Rumor Buster: Will COVID-19 cripple China's economic resilience?-Xinhua

Rumor Buster: Will COVID-19 cripple China's economic resilience?

Source: Xinhua

Editor: huaxia

2020-03-04 15:39:42

BEIJING, March 4 (Xinhua) -- As China works tirelessly around the clock to overcome the novel coronavirus epidemic, some skeptics are still stoking the idea that the virus will end up crippling China's long-term economic resilience.

However, China has proved that it is capable of weathering the storm by carrying out a raft of fiscal, monetary and financial measures, which aim to inject liquidity and boost demand, to offset uncertainty and stabilize the market.

The People's Bank of China has set up a special low-cost refinancing facility of 300 billion yuan (about 42.7 billion U.S. dollars) to provide funds to major national banks and some local corporate banks, and has unveiled incentives to help small and medium-sized enterprises.

The central parity rate of Chinese renminbi, or yuan, against the U.S. dollar strengthened 295 pips to 6.9516 against the U.S. dollar Tuesday, according to the China Foreign Exchange Trade System. The robust performance of the currency is believed to be shoring up overseas investor confidence in the Chinese capital market.

Overseas professionals in various fields have also voiced their insights on China's economy, lending credence to those who remain rational and positive over the country's growth potential in the international community.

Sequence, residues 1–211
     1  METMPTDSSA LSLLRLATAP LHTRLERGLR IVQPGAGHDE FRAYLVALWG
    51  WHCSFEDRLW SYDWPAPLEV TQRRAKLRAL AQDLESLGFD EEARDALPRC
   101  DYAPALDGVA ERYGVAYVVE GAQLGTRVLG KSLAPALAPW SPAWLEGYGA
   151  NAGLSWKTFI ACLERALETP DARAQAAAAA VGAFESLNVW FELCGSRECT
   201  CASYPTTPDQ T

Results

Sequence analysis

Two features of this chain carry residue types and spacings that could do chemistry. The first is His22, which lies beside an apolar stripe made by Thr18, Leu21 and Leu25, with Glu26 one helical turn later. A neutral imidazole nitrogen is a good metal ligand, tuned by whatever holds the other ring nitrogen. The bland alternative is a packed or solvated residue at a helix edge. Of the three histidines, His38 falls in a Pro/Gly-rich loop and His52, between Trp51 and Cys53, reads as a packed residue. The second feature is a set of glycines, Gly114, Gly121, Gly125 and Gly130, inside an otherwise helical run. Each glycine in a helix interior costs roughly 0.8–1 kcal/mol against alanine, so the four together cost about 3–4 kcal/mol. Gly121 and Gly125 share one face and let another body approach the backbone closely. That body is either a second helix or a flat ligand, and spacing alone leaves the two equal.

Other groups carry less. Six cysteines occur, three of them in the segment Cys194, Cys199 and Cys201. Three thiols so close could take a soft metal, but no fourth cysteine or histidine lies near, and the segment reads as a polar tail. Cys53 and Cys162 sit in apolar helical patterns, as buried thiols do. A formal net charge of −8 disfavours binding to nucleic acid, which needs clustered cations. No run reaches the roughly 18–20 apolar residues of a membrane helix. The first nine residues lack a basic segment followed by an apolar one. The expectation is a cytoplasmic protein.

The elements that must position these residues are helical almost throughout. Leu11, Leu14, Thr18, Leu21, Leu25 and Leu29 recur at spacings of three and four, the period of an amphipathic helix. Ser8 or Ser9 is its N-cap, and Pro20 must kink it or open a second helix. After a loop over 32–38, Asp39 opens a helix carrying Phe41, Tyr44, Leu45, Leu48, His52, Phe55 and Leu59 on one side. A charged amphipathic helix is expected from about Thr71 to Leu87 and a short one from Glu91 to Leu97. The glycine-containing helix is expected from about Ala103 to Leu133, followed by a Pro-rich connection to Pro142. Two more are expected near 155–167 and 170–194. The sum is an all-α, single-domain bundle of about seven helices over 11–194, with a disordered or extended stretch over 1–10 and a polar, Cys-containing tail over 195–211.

China's manufacturing industry, meanwhile, possesses superior infrastructure and technological knowledge, making it attractive to global investors, said Peter Handstein, founder and CEO of global toy giant Hape Group.

"China over the last 20 years has built a very strong infrastructure. I cannot see any country around the world who can match up with that. Especially when you talk about the toy industry. Whatever spare part I need for my products, I find a supplier (in China)," Handstein said.

As global financial markets are tumbling amid the spread of COVID-19, the Chinese market could be one of the best places to diversify risk, said Gene Ma, chief economist for China at the Institute of International Finance.

"There are four things you're looking at -- China's GDP (gross domestic product), inflation number, equity returns, and fixed-income returns. All four indicators are the least correlated with the global market among all major economies," Ma said.

Given the policies taken by China and the gradual resumption of work and production, consumption there could quickly bounce back after the outbreak concludes, Ma said.

(Xinhua reporters Luo Jingjing in New York City, Yang Chenglin, and Gao Pan in Washington also contributed to the story.)